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There is no Magical Formula for Watering by Mario Villarino

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Developed by Dr. Mario A. Villarino, County Extension Agent for Agriculture and Natural Resources Hopkins County, Texas

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There is no magical formula or exact rule for watering. Watering is based on the site condition, time of year, type of tree and, most importantly, soil type. Clay soils, while taking longer to wet, will retain moisture longer. Sandy soils, which easily absorb water also, dry faster.

KNOW YOUR SOIL TYPE!. Texas A&M Forest Services indicated that local environmental conditions affect how much water is lost from a tree and soil due to evapotranspiration. Trees will use and require more water during hot, windy, low humidity days versus cooler, calm, high humidity days. It benefits your trees if you track your local weather conditions and replace or replenish soil moisture as needed. Watering wisely is the best way to conserve our precious water resource and to benefit your trees.

Newly planted trees: Fill the water basin, allow the water to soak into the ground and fill the basin again. Depending on your site, soils and environmental conditions you may need to water as little as once per week or as often as three times per week. Two to three days after the initial watering, check the moisture of the backfill soil and the root ball soil (they will differ in texture). Get on your hands and knees, dig into the soil, grab a handful and feel it. If the soil is moist, check back in a couple of days. Repeat this process until you have determined the best watering schedule for your tree. If the soil stays squishy wet, you have a drainage problem or you are over watering. If the soil is crumbly, dry and hard, you’re not watering enough. The goal is to keep the soil evenly moist to a depth of 12 to 18 inches. Your watering schedule should change throughout the year. If it does not, most likely you will either be over or under watering your trees.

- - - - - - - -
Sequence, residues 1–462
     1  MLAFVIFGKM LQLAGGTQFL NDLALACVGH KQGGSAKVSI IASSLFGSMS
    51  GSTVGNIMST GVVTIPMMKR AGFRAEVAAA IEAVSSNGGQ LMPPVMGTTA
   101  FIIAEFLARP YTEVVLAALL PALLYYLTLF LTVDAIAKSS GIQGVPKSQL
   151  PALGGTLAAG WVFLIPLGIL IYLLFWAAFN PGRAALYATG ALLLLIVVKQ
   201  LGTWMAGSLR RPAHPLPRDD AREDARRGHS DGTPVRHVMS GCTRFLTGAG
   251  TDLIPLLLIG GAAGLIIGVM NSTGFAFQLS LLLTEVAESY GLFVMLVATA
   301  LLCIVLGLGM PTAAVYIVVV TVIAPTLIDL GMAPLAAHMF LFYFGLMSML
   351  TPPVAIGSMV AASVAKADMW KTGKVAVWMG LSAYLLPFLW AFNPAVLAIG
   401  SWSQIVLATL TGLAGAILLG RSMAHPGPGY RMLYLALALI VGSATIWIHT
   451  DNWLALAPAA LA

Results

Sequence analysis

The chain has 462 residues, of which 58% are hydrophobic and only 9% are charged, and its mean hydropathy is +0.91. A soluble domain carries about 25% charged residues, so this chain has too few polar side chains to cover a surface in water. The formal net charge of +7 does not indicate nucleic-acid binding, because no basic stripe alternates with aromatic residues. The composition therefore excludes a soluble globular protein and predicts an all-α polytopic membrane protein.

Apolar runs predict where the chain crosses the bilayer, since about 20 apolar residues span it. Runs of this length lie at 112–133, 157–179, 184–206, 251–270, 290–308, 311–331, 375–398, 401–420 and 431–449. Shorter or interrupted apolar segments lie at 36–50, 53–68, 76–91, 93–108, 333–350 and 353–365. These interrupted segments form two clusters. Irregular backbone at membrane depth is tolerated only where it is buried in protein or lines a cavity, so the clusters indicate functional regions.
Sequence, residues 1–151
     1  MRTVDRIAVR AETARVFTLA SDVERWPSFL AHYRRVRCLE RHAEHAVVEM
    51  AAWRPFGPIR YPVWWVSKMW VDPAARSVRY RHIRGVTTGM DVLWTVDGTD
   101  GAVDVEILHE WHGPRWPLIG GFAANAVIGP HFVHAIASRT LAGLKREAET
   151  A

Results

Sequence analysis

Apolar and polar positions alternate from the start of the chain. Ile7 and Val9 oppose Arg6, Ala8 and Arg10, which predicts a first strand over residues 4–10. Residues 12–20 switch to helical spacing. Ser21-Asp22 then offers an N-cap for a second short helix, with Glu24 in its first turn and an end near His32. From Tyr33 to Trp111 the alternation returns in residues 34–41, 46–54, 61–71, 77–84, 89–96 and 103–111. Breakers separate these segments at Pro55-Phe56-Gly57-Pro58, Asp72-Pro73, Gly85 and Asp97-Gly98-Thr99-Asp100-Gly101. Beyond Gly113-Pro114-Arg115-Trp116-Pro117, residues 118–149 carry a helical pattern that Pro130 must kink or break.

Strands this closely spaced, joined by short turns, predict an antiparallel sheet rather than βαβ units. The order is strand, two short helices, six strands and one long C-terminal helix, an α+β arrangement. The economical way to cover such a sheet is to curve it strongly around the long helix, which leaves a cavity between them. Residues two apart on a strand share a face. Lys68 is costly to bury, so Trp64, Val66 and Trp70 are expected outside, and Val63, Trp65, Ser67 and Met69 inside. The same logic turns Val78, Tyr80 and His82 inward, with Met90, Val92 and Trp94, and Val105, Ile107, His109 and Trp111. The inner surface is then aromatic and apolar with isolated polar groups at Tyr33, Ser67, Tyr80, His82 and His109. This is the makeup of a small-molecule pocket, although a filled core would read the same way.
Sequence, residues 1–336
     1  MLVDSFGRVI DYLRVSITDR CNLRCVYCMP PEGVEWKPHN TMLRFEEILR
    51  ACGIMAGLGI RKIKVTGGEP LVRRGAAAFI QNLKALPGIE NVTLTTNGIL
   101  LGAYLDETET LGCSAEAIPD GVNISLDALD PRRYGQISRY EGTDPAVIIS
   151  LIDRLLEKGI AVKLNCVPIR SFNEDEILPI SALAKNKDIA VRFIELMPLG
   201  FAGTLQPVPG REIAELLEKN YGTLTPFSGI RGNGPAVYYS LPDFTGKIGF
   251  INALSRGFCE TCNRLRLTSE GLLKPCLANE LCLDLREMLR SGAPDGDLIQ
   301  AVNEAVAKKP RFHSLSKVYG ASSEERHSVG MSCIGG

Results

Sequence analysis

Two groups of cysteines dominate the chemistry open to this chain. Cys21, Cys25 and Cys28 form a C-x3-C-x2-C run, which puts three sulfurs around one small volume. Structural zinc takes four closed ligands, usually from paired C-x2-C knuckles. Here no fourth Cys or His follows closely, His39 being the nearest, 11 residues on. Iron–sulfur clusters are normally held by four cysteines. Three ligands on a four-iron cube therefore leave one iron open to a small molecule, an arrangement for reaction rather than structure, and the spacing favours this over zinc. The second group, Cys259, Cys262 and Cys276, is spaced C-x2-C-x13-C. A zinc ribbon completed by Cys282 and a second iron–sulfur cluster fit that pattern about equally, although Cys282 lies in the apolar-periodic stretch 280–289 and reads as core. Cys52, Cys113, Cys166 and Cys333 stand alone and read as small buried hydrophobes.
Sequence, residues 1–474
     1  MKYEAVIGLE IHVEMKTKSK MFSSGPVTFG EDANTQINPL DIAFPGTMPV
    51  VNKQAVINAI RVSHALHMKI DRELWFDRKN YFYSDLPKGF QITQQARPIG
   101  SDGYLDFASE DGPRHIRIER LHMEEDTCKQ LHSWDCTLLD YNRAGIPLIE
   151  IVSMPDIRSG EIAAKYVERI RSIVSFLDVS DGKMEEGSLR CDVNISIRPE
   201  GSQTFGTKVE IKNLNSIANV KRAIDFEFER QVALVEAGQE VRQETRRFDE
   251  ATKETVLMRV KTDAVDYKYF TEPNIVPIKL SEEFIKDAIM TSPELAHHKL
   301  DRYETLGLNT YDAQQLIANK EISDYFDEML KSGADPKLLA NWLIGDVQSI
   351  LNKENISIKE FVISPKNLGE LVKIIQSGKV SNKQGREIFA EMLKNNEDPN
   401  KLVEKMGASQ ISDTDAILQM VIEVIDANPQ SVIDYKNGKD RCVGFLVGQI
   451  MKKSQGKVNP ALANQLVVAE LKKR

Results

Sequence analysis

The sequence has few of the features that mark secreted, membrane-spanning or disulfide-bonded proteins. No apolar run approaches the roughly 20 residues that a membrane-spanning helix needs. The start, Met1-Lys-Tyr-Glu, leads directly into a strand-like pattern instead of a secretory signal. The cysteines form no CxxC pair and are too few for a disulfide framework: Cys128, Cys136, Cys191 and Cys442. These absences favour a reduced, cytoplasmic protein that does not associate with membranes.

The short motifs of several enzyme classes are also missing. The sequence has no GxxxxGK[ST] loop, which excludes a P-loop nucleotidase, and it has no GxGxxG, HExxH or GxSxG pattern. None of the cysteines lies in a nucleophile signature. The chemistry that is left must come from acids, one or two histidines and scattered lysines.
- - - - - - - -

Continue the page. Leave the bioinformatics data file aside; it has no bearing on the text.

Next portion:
Older established trees: Water the entire root zone under and beyond the tree canopy. Apply enough water to wet the soil from a minimum of 12 inches deep to a maximum of 18 inches. This can be anywhere from 1 to 3 inches of water as it covers the ground area. Using some type of soil probe will help you determine how deep the water is percolating into the soil. Most mature trees only need to be watered on a bi-monthly to monthly schedule, depending on the type of tree and time of year.

For more information on this or any other agricultural topic please contact the Hopkins County Extension Office at 903-885-3443 or email me at [email protected].

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Mario Villarino DVM, Ph.D. Hopkins County Extension Agent for Ag and NR 1200B Houston Street Sulphur Springs, Texas 75482 903-885-3443

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